Tuesday, 1 July 2014

Hitting Eastern Sands

A promenade in Kristianstad - Vattenriket Näsby Fält (Field).

We have taken a day to explore Skåne's eastern shoreline starting from Brösarps Backar and moving down towards Sandhammar and Ales Stenar in Kåseberga in southernmost parts of the region. Along the route we admired the  natural beauty of Havängen and the rather exotic small coastal villages of Brantevik and Skillinge. Obviously one day is not nearly enough for an in-depth review but we hope that the pictures will talk for themselves. For Stenshuvuds National Park see the earlier post.


Beautiful promenades in the hills of Brösarps Backar.

Brösarps Backar is regarded as the gateway to the shiny Österlen region and also a part of one of the largest natural reserves of Sweden (Verkeån). It dates back to the ice ages and has a sandy soil. It is well known for its flora and is kept open by grazing. An old steam engine runs to St- Olof and the apple district is "around the corner". The northern hills are by route 9 and very easily accessible. Also Havängen, our next stop, is on the other side of the road so this region alone offer plenty to do for a day's visit. 


Havängen with its long white beaches and blooming fields.

Havängen is a well known recreational area but its fantastic landscape nevertheless took us by surprise. The short drive from route 9 to the beaches passes a wine yard and traditional habitation. The beach welcome picnickers and sunbathers for a swim and the hostel provide for accommodation. Interestingly, some two kilometers out in the sea bottom 10000 years old pine remnants have been found and a 5500 years old grave nearby, dated to the stone ages, can also be visited (Wikipedia).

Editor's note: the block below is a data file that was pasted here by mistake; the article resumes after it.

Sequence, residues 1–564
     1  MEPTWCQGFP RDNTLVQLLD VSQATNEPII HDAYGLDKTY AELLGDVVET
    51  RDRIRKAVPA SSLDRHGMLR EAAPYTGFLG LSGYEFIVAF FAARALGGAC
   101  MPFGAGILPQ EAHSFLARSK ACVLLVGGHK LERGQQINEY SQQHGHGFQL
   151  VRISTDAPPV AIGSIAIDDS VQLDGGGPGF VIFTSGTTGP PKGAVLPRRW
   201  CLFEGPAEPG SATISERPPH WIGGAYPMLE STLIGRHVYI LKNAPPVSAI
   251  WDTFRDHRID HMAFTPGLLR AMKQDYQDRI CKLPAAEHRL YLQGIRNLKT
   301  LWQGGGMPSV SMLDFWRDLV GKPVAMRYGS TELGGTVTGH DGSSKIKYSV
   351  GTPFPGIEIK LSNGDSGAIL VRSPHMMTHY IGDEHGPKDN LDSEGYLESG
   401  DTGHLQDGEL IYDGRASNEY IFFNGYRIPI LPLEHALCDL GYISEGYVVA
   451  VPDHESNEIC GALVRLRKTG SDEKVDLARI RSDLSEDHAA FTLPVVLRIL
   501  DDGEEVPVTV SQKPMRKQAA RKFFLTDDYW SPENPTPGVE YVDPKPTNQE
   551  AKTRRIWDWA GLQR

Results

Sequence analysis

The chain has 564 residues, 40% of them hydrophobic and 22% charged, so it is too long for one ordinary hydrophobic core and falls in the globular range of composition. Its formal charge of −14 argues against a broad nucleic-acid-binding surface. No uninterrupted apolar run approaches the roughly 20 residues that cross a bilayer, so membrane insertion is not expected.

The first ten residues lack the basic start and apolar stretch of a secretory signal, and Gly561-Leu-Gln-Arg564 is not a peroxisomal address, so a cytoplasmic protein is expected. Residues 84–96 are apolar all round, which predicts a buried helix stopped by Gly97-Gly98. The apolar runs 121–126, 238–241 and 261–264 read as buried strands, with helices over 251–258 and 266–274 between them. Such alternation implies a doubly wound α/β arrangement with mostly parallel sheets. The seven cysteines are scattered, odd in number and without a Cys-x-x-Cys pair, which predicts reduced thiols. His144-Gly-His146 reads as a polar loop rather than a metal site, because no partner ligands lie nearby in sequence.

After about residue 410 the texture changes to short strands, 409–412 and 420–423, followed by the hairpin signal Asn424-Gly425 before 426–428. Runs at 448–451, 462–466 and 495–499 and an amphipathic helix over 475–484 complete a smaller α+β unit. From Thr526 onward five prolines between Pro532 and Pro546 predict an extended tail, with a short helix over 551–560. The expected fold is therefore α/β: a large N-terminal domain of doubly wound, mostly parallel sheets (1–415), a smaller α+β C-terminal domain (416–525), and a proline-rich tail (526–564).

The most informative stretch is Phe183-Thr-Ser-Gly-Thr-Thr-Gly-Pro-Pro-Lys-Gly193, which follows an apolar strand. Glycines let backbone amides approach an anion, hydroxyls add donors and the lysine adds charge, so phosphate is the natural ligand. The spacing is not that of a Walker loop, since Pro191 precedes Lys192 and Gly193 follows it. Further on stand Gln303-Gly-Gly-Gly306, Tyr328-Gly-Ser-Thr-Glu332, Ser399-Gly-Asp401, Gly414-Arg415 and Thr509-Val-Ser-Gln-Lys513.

A meadow by the beach at Simris.

From Simrishamn a smaller route will take you south along the coast with miles of white beaches, and beautiful small villages with a continental atmosphere. A small village, Simris, just after Simrishamn offer the above scenery and a parking space where to stop for a walk for photographing. Skåne is an agricultural region and domestic animals stay outside for the long summer. Having entered the meadow over a walkway I ran into some cows. Not expecting them on the beach these rather big animals startled the photographer but we quickly reached an understanding on my, then acceptable, trespassing.


Brantevik, a summer paradise offering B&B facilities.

Brantevik is a small village with some 400 inhabitants with picturesque houses and B&B facilities. It has evolved from a fishing and farming community into a popular tourist resort. Frans Löfström describes Brantevik as the largest seafaring community in Sweden with its 226 registered ships at the end of 19th century. During these times shipping companies where mushrooming in this area. Also Skillinge, the neighbor village, was big in this business and the entire coastal region possessed an impressive 700 ships. The villa also claims to possess the longest liars bench in Sweden, picture above. In July all jazz enthusiasts are offered an impressive program me with Tommy Körberg, Lill Lindfors and others. Sounds great!